Business groups renew proposal to ditch New York’s Scaffold Law

ALBANY — Dozens of business advocacy and local government groups penned a letter to Gov. Andrew M. Cuomo on Tuesday calling for him to include a repeal of a state law that has been on the books since the 1800s that puts the blame for workplace accidents solely on the shoulders of the business — regardless of the worker’s relative responsibility in their own injury.

The statute, known as the Scaffold Law, holds employers and building owners to an “absolute liability” standard whenever a worker is injured or killed in an accident involving a fall from an elevated surface. New York is the only state in the country with such a law.

Imagine the famous photo “Lunch Atop a Skyscraper,” in which the construction workers building 30 Rockefeller Plaza sit with their lunches on an outstretched steel beam, nothing beneath them to stop them from falling to their deaths if

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New York’s Good Samaritan Law – A Good Deed Goes Unpunished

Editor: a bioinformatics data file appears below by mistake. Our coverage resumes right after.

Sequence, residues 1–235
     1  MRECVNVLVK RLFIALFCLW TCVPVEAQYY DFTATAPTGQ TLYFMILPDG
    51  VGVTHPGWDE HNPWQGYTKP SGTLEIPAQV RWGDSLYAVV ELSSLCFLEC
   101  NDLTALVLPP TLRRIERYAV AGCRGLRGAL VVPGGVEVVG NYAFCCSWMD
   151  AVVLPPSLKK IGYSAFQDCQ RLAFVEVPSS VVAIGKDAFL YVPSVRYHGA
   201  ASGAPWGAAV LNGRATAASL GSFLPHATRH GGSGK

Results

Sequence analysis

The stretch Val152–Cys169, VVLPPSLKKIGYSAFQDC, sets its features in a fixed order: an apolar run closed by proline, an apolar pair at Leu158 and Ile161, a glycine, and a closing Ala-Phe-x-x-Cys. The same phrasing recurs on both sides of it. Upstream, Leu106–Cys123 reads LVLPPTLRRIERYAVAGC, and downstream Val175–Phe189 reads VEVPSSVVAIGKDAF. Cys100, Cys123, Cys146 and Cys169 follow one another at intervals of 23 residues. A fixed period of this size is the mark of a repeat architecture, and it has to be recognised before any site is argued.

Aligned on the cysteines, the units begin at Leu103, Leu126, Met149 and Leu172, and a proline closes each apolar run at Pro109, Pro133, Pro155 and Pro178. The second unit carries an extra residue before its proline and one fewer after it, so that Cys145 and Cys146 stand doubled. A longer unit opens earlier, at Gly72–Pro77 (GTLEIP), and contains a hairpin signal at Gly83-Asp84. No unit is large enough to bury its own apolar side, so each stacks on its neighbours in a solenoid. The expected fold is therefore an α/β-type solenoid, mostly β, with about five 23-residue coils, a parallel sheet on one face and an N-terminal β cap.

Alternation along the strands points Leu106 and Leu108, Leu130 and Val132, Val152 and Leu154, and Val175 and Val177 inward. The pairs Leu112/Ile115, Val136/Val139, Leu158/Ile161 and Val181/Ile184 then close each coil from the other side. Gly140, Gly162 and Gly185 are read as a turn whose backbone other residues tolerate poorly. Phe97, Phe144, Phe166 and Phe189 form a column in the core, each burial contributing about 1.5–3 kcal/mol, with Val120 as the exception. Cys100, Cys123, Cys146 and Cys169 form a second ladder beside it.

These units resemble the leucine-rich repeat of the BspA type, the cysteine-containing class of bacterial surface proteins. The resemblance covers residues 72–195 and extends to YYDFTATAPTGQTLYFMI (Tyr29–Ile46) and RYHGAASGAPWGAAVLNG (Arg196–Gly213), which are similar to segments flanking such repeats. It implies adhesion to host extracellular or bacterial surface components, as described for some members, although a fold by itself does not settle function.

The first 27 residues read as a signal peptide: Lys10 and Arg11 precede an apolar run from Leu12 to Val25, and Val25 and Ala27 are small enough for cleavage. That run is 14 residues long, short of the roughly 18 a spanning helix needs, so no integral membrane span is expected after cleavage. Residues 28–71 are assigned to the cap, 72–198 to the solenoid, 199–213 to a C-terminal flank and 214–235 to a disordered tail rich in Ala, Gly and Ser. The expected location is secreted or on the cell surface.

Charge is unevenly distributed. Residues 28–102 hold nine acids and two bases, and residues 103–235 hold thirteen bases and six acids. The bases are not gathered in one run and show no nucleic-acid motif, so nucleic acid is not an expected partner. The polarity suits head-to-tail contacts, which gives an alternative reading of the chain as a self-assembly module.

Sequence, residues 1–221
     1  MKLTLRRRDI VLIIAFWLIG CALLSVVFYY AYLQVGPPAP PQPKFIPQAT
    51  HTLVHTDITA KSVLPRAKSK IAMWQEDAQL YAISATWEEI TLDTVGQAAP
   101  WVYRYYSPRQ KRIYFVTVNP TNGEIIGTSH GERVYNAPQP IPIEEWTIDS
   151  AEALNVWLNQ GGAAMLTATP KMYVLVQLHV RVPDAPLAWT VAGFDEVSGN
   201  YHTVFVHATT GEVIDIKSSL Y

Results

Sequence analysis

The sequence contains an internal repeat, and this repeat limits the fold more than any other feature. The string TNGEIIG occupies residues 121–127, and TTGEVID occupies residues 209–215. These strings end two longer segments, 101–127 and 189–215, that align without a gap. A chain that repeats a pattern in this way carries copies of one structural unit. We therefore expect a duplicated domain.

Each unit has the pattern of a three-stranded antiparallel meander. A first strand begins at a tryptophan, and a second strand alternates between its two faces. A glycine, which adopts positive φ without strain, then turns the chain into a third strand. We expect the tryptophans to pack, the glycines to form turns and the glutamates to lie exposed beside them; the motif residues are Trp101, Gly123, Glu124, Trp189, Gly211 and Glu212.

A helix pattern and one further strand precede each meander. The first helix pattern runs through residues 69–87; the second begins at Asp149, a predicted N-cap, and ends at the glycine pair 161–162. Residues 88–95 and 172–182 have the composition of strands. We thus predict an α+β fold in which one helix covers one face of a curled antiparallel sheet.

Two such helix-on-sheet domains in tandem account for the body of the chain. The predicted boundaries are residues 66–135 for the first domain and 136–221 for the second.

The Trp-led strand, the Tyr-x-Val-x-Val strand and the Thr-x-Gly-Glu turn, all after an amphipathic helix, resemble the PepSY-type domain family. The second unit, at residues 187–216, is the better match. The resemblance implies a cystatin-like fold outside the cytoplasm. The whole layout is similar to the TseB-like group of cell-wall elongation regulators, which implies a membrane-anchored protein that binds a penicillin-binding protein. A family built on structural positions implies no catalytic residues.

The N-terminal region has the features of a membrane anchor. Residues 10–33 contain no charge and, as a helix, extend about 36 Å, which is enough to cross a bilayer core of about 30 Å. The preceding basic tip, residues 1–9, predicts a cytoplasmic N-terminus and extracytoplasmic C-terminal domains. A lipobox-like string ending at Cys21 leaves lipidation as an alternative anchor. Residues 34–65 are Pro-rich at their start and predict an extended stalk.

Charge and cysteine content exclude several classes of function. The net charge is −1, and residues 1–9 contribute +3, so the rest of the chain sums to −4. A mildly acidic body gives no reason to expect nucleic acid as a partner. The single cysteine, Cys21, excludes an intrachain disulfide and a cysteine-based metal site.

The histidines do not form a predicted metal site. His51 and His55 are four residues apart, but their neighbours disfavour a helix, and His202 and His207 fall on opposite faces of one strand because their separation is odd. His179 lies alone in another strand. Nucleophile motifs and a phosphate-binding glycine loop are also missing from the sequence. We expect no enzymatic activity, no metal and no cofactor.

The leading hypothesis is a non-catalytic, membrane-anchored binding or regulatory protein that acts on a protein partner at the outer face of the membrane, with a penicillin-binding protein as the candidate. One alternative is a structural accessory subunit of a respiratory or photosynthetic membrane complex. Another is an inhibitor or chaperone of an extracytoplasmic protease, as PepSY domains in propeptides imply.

The other day, a client was telling me a story.  While trying to describe somebody’s personality, he said this:

“She’s the type of person that will find fault in everything you do. If you push her off the tracks just seconds before she is about to be struck by a speeding locomotive, she’ll sue you for bruising her leg and soiling her clothes.”

And that reminded me of New York’s Good Samaritan law, today’s topic.

Common Law: No Good Deed Goes Unpunished

Generally speaking, there is no duty to come to the aid of somebody that has been in an accident and in need of emergency medical assistance. However, not long ago, if you attempted to render medical assistance to somebody and botched the rescue, chances were you would be sued. Therefore, educated bystanders wouldn’t dare attempt a rescue.

Since the common law discouraged bystanders from attempting to render medical … Read More